Wednesday, April 20, 2005

Bo Is Back: A Cautionary Tale

Once upon a Tuesday evening in 2004, a group of aspiring superstars gathered for Big Band Night, a slice of Americana. Although the genre was challenging and mostly unfamiliar to the teenagers and twentysomethings, they sang their hearts out. Near the end of the show, the host introduced the final performer by posing the question, "Have we saved the best for last?" Then the judges’ early favorite appeared and sang . . . a big band song from the 1930s? A big band song from the 1940s? A big band song from the 1950s?

Nope. The song was Queen’s 1979 Britpop classic, Crazy Little Thing Called Love, as performed by Fantasia Barrino with a be-bop arrangement. We may never know if Fantasia can sing big band style, but clearly her protectors in the control booth didn’t dare take a chance and the grand finale treatment she received guaranteed that voters could not forget her that evening.

Fast forward one year to ‘70s Dance Music Night, usually called Disco Night but not this time for reasons that are now obvious. Although the genre was challenging and mostly unfamiliar to the youngsters, they sang their hearts out. Near the end of the show, the host introduced the final performer. Then the judges’ early favorite appeared and sang . . . Vehicle by the Ides of March.

Vehicle was a one-hit wonder when I was in middle school. Yes, I was a kid then, but I attended every school dance, every church dance and every dance in my friend Jeanne’s garage. I was a dancing fool from the age of 3 and I will swear on a stack of old vinyl records that I never danced to Vehicle. If that is dance music, then so is everything by Chicago and Steely Dan and so is that campy ‘70s song, Brandy (You’re a Fine Girl), which I bet Bo Bice could sing really well but, dear God, don’t let him try.

The good news is that Bo Bice avoided vehicular manslaughter. The Bo we missed – self-assured and soulful – returned in excellent form. I am thrilled for Bo, for his fans, and for the AI4 competition, which would be poorer without the talented Mr. Bice. Happiest of all are the Idol puppeteers, who will be richer with the marketable Mr. Bice under contract.

Puppeteers? Oops! If your illusions that American Idol is a fair, equitable contest are intact, by all means stop reading. Pay no attention to the men behind the curtain. Just because I feel like someone pissed in my Grape Nuts doesn’t mean that I want to spoil everyone else’s delight in Bo’s triumph, of which he deserves to be proud. I hope this is the first of many more weeks of Bo-mentum.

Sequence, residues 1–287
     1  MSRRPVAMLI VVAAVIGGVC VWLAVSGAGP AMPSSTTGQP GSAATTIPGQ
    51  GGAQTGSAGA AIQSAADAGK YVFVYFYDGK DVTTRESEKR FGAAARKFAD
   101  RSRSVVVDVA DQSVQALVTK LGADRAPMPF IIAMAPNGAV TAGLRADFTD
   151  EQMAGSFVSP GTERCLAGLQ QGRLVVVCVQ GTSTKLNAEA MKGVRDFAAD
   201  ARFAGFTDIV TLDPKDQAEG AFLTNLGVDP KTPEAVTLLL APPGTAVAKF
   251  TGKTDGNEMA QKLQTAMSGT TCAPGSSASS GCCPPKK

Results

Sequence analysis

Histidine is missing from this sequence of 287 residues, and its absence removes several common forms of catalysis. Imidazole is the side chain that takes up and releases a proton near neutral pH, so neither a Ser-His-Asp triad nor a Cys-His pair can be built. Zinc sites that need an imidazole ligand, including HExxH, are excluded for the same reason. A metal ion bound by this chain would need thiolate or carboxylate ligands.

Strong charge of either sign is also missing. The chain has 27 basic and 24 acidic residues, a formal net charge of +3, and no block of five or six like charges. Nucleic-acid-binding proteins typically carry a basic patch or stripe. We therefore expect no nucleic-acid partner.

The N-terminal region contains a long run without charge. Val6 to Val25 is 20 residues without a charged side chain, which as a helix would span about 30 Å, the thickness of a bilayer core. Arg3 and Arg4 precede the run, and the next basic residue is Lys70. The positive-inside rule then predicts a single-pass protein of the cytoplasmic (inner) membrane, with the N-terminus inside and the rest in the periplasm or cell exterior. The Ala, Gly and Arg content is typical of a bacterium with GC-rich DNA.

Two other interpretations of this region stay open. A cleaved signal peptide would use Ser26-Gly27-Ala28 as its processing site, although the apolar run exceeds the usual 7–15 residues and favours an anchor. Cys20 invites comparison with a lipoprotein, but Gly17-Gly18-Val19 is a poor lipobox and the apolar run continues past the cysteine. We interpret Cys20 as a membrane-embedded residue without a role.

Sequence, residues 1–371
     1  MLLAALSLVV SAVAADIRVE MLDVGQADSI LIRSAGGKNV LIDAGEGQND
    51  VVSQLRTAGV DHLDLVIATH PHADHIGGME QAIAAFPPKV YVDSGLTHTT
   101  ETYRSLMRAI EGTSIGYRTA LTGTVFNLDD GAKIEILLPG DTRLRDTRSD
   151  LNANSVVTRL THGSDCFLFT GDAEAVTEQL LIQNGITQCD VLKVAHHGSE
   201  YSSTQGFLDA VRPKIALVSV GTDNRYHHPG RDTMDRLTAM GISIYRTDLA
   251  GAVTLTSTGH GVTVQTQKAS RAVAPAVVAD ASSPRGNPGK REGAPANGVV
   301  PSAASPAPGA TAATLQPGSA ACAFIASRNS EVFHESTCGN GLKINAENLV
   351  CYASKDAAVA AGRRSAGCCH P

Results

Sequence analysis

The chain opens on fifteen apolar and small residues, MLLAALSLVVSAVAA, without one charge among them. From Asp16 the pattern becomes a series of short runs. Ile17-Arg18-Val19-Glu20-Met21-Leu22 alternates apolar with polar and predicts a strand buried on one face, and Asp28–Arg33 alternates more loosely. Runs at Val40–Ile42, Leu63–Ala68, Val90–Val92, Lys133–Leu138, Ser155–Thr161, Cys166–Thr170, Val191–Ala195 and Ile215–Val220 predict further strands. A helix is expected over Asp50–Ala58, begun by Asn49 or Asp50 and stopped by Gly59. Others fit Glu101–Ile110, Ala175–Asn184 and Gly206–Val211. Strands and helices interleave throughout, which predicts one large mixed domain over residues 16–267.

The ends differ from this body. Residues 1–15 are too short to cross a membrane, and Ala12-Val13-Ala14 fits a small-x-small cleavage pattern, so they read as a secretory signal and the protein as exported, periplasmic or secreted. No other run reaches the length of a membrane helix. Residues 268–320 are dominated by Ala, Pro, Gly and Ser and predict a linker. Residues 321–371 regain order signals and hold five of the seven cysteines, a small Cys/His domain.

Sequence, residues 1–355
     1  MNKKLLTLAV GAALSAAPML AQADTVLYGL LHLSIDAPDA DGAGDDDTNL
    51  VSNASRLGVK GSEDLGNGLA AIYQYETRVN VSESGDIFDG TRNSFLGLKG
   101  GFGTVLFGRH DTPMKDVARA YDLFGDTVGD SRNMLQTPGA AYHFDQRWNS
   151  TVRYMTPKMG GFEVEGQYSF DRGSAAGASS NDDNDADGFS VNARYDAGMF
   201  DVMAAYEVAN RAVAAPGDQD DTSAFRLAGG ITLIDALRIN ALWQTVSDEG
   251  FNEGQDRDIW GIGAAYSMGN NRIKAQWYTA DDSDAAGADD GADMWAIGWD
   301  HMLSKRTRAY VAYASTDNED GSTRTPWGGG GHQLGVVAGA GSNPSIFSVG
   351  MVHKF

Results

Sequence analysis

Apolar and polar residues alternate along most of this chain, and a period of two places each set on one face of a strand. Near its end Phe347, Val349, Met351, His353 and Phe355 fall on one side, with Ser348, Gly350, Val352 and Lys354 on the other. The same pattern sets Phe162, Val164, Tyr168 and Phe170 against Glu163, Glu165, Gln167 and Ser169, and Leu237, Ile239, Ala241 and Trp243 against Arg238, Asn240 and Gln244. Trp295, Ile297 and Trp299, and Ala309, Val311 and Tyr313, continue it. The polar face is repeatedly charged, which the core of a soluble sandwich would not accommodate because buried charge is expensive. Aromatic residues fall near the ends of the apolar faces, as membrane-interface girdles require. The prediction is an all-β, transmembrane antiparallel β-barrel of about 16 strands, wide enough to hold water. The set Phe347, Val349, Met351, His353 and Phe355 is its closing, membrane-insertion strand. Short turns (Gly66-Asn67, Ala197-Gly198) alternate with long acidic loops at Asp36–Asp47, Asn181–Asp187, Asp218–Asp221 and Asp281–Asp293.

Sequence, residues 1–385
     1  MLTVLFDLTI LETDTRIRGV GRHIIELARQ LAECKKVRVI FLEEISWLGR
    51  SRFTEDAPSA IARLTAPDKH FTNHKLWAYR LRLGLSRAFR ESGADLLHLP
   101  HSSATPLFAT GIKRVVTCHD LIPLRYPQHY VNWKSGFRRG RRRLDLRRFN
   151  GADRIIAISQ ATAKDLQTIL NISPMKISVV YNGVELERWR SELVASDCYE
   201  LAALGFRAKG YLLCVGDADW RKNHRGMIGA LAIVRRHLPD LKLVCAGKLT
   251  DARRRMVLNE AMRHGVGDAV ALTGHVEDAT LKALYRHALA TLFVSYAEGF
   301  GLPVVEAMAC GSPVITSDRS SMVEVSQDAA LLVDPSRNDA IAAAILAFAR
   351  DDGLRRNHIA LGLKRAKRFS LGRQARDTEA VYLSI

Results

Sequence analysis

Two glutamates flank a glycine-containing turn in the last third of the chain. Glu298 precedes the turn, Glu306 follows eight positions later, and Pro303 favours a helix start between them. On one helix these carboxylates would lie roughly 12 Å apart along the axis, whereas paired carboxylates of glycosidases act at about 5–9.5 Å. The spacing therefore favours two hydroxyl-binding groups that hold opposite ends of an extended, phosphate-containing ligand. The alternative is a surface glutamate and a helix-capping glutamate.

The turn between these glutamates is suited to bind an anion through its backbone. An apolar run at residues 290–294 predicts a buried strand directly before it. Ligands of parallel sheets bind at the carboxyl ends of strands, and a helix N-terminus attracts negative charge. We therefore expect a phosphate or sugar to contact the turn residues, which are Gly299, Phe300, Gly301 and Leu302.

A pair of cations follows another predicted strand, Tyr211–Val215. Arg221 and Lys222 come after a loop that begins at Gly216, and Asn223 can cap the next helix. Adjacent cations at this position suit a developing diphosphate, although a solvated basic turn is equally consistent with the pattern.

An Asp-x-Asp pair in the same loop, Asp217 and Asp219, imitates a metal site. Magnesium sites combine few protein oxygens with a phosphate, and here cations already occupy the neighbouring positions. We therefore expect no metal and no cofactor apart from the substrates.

Here’s my complaint. Until this week, I thought AI4 was relatively free of the backstage machinations that ruined AI3 and tainted AI2. Every season the idiots-in-charge, most visibly Simon Cowell, identify their American idol early and shepherd him or her through the competition. This year judges blatantly singled out Bo and Carrie Underwood as their favorites, but I thought they criticized the darling duo judiciously, so to speak, when their performances fell short. A good sign, I thought.

I know Simon is not on the Constantine Maroulis bandwagon, but last week I noticed that Constantine performed in the desirable grand finale slot, which I assumed was an acknowledgement of his enormous fan base. I interpreted that as a refreshing change from AI2 when the AI team actively thwarted the Clay Aiken phenomenom. Another good sign.

A twice-burned skeptic, I swore after last year’s debacle that I would never get invested in this Idol game again. I have not missed an episode of AI4, but part of me has remained detached. Nevertheless, I have been dazzled by the talent and riveted by what seemed like the fairest contest thus far in the franchise.

This week’s voting is over and I assume that Bo will live to sing another Tuesday. Stupidly, the results have been manipulated again. With their heavy-handed favoritism, the puppeteers have unwittingly harmed their favorite again. The contestant who leaves this week and viewers who care about the integrity of the competition may rightly feel slighted and cheated.

Ironically, the root problem is not Bo Bice’s professionalism as a performer, which is already established. The problem as always is the artificial push for diversity of style to make Idol television more entertaining. The reality is that contestants become insider favorites because they can fit a specific, marketable niche, not for their mastery on Big Band or Disco/‘70s Dance Nights. Each performer’s style becomes his or her trademark. Clay Aiken is a great example of a niche singer and his career has not suffered for it.

Bo knows his niche and I wish him infinite success. I doubt Bo knew that Vehicle would be a dance genre anomaly and in no way do I blame him for selecting a song from the list he was given that best showcased his strengths. I hope the foolish behind-the-scenes machinations are a one-show anomaly.

Before Tuesday's show I asked, "Does Bo care enough?" Now the larger question is, "Does the American Idol team care enough about the audience and their franchise to forego additional unwanted intervention?" We shall see.

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